Handling submodule updates

I talked to some people who are having problems in checking out old versions of our code base. The problem is that they because commits in the submodules vanished from the server. To show this problem try to checkout the branch “old/next-21 in my repository: https://github.com/lucasdemarchi/ardupilot/tree/old/next-21 old/next-19 in my repository: https://github.com/lucasdemarchi/ardupilot/tree/old/next-19. If you succeed, it’s just because you had the git objects cached in your computer. If you try to clone again it will fail with:

Fetched in submodule path ‘modules/mavlink’, but it did not contain c47a4e6e1d008baa7af20818906b8275df49694d.

For my own use case of old commits, I just update the submodule, particularly because the problem was in the mavlink repository. However this may not always be the solution.

One could argue that people following development should stay close to master. But this is only part of the issue. It’s completely possible that in future we want to go back and test some thing in an old commit from the repository. This won’t be possible. And people will continue to suffer when they are checked out in an old commit (sometimes not so old for what matters).

I think we need to fix this problem. We have some options:

  • Never force push to the repository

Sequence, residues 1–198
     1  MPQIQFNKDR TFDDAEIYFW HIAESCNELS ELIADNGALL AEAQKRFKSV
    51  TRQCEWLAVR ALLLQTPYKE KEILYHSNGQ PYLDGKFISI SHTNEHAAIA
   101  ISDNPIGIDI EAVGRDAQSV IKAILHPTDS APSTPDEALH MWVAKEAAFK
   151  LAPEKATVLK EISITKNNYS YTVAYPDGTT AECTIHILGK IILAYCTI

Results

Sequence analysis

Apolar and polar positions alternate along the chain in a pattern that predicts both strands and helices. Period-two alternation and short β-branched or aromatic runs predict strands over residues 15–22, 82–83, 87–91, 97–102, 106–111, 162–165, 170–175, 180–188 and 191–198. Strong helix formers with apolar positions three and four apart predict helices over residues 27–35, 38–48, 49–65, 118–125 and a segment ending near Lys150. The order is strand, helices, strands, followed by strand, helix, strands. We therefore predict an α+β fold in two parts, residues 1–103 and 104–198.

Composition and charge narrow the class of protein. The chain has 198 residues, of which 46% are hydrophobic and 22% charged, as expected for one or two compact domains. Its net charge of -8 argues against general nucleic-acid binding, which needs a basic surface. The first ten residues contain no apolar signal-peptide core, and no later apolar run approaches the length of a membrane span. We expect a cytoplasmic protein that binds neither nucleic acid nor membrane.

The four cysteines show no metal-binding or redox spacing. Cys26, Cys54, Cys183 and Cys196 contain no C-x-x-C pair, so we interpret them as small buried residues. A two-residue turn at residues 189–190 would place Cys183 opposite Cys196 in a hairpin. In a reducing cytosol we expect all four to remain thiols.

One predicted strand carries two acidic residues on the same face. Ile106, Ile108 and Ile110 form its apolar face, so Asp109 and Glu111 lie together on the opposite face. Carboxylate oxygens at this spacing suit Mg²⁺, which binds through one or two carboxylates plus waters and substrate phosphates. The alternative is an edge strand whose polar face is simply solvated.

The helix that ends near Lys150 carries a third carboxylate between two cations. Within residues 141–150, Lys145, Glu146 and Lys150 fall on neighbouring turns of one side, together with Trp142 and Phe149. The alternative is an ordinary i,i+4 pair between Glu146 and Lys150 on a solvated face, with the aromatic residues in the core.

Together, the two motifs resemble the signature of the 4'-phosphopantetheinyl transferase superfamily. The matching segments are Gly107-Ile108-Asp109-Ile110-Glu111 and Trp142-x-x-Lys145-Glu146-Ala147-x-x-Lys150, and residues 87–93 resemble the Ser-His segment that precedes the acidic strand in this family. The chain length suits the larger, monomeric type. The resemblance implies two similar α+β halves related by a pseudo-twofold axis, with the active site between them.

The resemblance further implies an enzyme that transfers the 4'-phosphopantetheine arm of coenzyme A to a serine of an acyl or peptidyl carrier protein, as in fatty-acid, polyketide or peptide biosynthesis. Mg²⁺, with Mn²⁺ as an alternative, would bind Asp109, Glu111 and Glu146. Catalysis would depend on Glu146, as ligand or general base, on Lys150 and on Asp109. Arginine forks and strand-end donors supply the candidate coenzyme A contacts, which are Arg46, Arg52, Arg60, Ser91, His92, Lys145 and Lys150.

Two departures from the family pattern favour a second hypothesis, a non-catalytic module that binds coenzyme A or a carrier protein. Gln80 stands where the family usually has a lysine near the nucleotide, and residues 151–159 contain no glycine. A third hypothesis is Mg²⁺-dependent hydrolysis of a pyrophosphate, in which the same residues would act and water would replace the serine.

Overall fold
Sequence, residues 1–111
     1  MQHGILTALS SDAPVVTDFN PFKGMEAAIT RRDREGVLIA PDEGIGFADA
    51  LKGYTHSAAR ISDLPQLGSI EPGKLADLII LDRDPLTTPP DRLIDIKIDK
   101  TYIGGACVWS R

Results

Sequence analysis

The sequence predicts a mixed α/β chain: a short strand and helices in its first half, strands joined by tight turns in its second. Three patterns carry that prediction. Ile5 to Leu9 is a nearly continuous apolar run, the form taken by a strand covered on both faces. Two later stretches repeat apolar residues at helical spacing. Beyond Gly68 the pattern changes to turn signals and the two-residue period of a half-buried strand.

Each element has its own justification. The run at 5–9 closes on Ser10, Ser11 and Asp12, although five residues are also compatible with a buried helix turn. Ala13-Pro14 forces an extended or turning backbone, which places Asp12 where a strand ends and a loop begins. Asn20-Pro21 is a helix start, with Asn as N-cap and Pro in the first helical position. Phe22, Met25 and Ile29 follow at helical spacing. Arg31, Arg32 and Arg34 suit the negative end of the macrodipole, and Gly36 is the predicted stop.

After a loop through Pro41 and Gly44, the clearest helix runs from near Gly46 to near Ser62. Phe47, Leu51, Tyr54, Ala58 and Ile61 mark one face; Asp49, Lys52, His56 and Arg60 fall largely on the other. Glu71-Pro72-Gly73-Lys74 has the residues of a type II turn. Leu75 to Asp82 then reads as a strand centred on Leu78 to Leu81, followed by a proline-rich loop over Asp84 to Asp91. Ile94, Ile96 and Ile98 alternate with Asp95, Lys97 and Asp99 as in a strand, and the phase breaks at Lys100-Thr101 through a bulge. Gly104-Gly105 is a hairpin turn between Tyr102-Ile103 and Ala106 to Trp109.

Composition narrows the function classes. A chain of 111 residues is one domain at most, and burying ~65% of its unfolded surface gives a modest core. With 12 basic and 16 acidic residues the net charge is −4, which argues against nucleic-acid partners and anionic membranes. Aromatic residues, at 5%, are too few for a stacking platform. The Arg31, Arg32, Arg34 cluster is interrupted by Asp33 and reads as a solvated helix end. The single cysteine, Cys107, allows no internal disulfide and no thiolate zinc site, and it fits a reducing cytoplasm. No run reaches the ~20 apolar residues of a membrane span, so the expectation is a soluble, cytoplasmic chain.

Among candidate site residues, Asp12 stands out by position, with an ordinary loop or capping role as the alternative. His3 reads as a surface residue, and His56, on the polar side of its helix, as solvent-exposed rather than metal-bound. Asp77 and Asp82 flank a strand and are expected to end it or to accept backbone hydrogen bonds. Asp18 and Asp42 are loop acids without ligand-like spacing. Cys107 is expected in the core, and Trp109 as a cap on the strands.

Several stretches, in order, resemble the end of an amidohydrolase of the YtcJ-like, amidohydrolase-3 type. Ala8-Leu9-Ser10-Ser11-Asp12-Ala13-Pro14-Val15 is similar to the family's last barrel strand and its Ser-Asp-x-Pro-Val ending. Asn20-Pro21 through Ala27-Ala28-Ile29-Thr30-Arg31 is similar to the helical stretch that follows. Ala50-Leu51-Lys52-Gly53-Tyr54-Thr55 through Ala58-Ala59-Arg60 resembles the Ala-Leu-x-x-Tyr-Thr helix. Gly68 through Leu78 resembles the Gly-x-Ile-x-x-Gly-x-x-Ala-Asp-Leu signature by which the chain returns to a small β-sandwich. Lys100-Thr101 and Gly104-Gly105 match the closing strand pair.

• When a rebase or force push is needed, push a branch or tag to make sure the state of the submodule is kept in the server

What do you think?

Just fixed the link to the branch I mentioned above.

I agree that this is a problem. My personal preference is leaving master alone and when in need to diverge from upstream create a ardupilot branch. That branch can be force pushed if needed, but a tag needs to be created at that time.

That’s just my personal preference of handling things, any way that leaves a reference to the old commits is fine to me.

When a rebase or force push is needed, push a branch or tag to make sure the state of the submodule is kept in the server.

I agree with that. That might be necessary when we have pending changes on the upstream repository that we want to use in our submodule. That’s the case with Waf. By the way, this rule invalidates the first one :slight_smile: hehe

I’d also say that if upstream uses some versioning system for the tag, try to name your tag so that it’s easy to know which version that point is based. For example, if our changes are on top of version denoted by tag v1.0.2, and we need to force push or rebase, then we create a tag in our fork like v1.0.2-<foo>. Where <foo> contents might be a sub-version or even a short string.

Gustavo Sousa